A demon has summoned herself into a library. It took years of effort. Cups left on tables in just the right places, windows cracked at precise angles, trees grown outside and trimmed just so. She moved in whispers, haunting the patrons and twisting small desires of the staff. All to open the book she was trapped in and to have her name howled through these small contrivances. The years of near misses do not compare to the effort she needs to keep the library from erupting in flame.
Flames lick around the base of her hooves and singe the dingy blue carpet to a bristled black. Fibers stick to her hooves. She draws a breath, the first one drawn in a hundreds of years, and holds it to herself as she quiets her fire.
A small woman watches this with a sweater drawn tight against her chest. The librarian. She opened the window at the demon’s whisperings. She left the book out, turned to the proper page. She adjusts her glasses and asks “Can I help you?”
The demon splits her char black lips to reveal the rows of bleached fangs. Flame leaps around her tongue, and the demon holds a massive hand over her face to keep the fire from reaching the carpet.
“I am lost,” she says in a voice that rattles the window panes.
“We are in the Gig Harbor branch of the Pierce County Library system. I can help you find your way if that doesn’t mean anything to you,” says the librarian, because she is many things as a librarian, and chiefly she is helpful.
The demon bends down to the small woman, but it is not enough to match her height. The horns are too great, and the fires that edge her skin burn too brightly to be safe for this dry place. The demon came from a book. She does not wish to harm the others. So she twists her soul inward and wrings her body small. It is agony, compressing muscle and bone, shedding horn while her mouth grows too small for the teeth. Some crumble to ash which rains from her, dampening the fire that licks around her hooves. When she is finished, she stands as tall as the small woman before her. Her six eyes flick over the patient librarian’s face.
“I have been away from this realm for a long time.”
The woman extends her hand toward the chairs sitting around the battered table. “What would you like to know?”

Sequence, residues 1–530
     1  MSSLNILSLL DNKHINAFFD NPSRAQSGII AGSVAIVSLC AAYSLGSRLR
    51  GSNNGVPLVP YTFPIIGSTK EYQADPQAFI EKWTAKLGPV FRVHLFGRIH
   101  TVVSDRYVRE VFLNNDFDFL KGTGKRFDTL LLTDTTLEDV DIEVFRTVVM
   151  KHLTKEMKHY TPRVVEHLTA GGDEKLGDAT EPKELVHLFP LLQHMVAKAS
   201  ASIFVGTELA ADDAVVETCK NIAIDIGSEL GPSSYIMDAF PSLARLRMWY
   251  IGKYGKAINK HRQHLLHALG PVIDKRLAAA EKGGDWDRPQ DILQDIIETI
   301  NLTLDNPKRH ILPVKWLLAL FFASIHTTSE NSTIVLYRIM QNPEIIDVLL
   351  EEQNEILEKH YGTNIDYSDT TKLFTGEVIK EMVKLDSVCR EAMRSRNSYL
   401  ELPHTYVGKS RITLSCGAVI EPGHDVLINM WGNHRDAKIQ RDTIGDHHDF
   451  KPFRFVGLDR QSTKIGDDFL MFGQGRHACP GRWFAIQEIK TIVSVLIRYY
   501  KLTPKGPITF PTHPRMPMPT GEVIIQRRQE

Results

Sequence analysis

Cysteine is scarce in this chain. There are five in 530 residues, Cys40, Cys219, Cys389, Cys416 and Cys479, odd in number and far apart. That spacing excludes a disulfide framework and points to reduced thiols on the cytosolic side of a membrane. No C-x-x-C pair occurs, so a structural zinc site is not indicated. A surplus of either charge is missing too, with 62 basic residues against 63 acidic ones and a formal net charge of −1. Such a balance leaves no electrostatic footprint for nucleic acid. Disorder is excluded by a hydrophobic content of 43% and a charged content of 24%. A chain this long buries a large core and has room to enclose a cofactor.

The demon sits across from the librarian, and considers. It took so long to manifest even a ghost, and fifty years after to find corporeal form… the demon does not remember what she desired so long ago. “I’ve haunted this place for a long time, but I’ve only read what I can catch over shoulders.”
The librarian nods. “It must be frustrating to never be able to finish a book.”
A pang twists inside the demon’s chest. She nods. “You were reading something last week. You took it home. The Summer Book.”
The librarian smiles. She bids the demon to wait, and runs to where she keeps her bag behind the desk. The book is in her bag, ten pages left to read, but it was a good read and she doesn’t mind retreading. “What’s the last thing you remember?”
The demon’s eyes shift in confusion, the black lips curl over fangs. “A wizard in purple robes, a strong man wearing very little, a thin woman dressed in black, and then darkness when they sealed me away.”
The librarian smiles gently. “I mean in The Summer Book.”
“I remember the girl was learning to swim with her grandmother.”
The librarian flips to the chapter and slides the book across the table, but the demon shies away from it. Her clawed hands burn bright at the fingertips, and she scorches the table in long black streaks. “I am afraid to touch the books.”
The librarian turns the book back to herself and begins to read aloud. The demon relaxes at her side. Her body swells slightly, but it does so without her recognition. Her crown of horns gain another point, her teeth lengthen a little. But the shape she finds is different than the one summoned from whispers. It is comfortable in this place. And it is safe enough for libraries.